While Dad is still living,while Mom is still in good health,Ireally want to repay my debt to them by becoming sober.
And I began to realize that I was developing the resolve to carry through on that.

If a person reflects deeply on how many people he has troubled through his use of alcohol,the desire arises to make amends to those people-even in 1/10,000th part.
He comes to understand that building better relationships with those people will contribute to his own happiness as well as to theirs.
However,he also comes to the painful understanding that establishing better human relationships is like building castles in the sand unless he continues to be sober.
Mr.Kubo came to a decision.

I wonder if I ever really thought about other people before.
I think this is the first time that I looked back on my thirty-six years and realized what a wretched fool I was,how self-centered I was-causing so much trouble for my parents and always lying to my brothers and sisters and other people.
What I realized during this Naikan intensive was first of all my own selfishness and how mired I was in thoughtlessness toward others and in my own selfhatred.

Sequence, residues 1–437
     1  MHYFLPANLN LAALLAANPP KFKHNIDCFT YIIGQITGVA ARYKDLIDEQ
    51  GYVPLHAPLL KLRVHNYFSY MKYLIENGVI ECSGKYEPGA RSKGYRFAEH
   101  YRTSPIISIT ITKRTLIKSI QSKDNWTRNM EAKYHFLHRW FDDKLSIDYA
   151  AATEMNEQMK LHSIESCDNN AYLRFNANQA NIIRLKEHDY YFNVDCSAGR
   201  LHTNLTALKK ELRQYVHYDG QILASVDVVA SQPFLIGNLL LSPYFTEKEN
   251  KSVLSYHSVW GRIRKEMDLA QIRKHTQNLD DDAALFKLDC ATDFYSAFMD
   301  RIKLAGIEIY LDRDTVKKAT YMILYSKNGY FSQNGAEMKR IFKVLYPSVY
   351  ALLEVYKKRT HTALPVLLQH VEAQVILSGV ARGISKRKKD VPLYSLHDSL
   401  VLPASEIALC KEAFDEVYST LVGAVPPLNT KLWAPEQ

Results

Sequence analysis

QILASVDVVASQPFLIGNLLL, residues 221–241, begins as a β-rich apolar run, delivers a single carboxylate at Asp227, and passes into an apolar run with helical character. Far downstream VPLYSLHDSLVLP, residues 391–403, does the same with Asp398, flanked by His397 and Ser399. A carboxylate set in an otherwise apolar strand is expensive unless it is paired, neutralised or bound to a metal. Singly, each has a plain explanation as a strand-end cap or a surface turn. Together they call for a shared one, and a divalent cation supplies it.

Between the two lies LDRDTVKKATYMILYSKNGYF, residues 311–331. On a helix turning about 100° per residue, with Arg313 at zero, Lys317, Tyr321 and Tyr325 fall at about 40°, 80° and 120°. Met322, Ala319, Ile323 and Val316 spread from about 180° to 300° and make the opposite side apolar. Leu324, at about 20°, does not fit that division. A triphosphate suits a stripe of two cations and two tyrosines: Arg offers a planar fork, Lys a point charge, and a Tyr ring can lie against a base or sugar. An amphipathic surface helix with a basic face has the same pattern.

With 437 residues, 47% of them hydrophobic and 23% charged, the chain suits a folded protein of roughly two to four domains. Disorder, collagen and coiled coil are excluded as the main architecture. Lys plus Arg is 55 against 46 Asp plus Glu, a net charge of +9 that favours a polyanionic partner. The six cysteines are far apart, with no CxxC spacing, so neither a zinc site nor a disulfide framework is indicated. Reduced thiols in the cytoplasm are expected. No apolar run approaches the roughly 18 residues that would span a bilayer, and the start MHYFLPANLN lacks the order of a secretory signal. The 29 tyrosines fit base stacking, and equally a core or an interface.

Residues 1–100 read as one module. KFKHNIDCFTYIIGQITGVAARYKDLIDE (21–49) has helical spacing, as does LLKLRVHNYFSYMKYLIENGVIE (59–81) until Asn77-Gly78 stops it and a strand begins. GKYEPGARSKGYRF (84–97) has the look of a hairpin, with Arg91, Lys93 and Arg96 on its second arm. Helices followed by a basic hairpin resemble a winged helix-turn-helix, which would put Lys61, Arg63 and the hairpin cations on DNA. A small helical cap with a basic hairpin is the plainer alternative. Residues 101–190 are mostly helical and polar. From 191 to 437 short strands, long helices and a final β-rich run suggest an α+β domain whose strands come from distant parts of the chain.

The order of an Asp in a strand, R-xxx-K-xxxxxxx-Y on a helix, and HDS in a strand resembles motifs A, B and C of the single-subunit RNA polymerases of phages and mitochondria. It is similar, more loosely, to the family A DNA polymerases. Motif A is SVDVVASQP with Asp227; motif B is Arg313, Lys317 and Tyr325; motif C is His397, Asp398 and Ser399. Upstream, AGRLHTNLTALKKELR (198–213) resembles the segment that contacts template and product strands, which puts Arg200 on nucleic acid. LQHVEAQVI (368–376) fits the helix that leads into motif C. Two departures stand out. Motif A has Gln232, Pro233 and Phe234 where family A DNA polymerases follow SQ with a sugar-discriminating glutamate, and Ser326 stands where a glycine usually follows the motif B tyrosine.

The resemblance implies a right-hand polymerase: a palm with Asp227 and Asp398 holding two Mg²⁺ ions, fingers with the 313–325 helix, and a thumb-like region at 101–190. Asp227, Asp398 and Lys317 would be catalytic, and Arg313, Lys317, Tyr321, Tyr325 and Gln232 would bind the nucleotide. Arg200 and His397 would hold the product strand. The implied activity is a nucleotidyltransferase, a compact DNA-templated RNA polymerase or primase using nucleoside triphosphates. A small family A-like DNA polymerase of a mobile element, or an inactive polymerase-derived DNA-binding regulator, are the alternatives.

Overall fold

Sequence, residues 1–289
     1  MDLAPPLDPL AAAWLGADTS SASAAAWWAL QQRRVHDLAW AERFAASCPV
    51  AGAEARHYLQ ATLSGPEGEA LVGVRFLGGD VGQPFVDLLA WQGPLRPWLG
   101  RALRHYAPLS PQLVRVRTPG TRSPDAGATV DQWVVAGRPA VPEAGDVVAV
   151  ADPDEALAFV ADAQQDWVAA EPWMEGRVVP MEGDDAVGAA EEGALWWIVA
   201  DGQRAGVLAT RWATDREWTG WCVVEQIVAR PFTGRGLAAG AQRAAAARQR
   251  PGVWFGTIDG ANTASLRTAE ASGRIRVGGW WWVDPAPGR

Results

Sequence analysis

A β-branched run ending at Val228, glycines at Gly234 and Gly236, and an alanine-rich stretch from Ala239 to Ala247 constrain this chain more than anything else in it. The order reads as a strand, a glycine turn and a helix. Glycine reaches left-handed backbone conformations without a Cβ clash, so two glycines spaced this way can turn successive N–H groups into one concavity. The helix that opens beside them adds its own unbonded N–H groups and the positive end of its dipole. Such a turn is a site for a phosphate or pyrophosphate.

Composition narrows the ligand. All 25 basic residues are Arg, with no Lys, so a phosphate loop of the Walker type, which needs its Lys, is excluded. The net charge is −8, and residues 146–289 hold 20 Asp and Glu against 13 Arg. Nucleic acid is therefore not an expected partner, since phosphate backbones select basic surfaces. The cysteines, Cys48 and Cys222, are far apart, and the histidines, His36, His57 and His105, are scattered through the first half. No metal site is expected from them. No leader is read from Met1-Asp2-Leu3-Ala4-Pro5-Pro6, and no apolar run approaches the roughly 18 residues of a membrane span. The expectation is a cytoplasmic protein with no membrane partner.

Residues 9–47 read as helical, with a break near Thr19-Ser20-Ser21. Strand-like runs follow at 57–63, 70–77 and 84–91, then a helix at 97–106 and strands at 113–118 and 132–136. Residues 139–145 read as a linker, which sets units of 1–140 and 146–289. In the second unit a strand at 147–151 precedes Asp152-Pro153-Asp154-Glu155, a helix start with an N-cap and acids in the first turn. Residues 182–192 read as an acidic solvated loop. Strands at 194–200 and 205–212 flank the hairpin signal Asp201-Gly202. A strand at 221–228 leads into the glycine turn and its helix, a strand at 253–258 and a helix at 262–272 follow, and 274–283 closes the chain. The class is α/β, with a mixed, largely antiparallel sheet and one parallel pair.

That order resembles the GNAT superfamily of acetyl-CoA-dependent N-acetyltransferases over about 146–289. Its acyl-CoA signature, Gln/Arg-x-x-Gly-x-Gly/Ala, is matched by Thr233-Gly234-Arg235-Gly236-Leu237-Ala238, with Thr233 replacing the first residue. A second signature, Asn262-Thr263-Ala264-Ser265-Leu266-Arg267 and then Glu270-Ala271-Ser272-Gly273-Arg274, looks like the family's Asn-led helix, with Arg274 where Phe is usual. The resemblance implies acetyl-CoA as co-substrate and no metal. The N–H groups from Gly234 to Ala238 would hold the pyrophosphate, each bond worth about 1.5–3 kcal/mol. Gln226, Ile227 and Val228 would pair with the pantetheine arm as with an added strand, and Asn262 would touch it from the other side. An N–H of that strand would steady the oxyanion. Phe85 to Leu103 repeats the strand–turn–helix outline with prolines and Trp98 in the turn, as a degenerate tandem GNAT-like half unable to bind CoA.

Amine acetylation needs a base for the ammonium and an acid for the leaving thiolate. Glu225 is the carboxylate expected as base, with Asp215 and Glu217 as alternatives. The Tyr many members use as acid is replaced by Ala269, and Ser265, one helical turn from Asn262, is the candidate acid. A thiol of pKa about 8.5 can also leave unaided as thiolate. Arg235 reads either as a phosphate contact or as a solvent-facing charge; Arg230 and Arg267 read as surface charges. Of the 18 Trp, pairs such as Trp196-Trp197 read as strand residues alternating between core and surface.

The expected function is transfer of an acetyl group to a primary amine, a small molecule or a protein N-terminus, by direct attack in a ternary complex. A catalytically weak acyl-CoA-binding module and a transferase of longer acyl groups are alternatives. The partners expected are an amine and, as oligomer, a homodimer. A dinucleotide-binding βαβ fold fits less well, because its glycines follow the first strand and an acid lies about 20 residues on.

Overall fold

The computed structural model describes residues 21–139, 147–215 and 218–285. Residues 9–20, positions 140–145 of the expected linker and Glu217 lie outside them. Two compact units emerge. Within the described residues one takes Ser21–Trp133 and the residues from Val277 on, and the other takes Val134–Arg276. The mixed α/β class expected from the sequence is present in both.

In living my life from here on out,I vow earnestly to remain sober and to persevere on a straight patht in life,never forgetting my indebtedness to my parents or the thoughtfulness of my wife and my siblings,those things that I realized during my Naikan intensive.
I am resolved to take good care of myself and to live from now on with a sence of my indebtedness toward my parents and my brothers and sisters and toward others.

Mr.Kubo left the hospital with this resolve and even now continues to do daily Nani.

Conclusion

In order to quit drling,it is not enough merely to make a firm resolve.
One must possess the psychologicals strength to continue implementing that resolve.
Since Naikan therapy is a comparatively restrictive mode of treatment,it may be conjectured that a fair amount of endurance and psychological strength is cultivated merely by going through the treatment itself.
And it would seem that the energy to reform on one's own those things that one has discovered by carefully Iooking at the self on one's own,without receiving any preachy criticism from others,that energy in fact becomes the strength to remain sober.

I asked myself,What does it mean to live as a human being?
What is llfe?
And the answer seemed to come to me.
Simply put,I realized that life,to be a human being,meant from now on,so long as I am alive,so long as I have life,to be strict with myself,not to be defeated by mysel.
I am resolved to live out the remainder of my life without ever forgetting this feeling.

With these reflections as his grounding,and continuing to do his daily Naikan,Mr.Kubo maintains sobriety and-to the amazement of his family and others around him-continues to live a meaningful life.


Constructive Living Quarterly(Spring 1994 VOL.2 NO.1)
Naikan and Alcohol Dependence A Case Study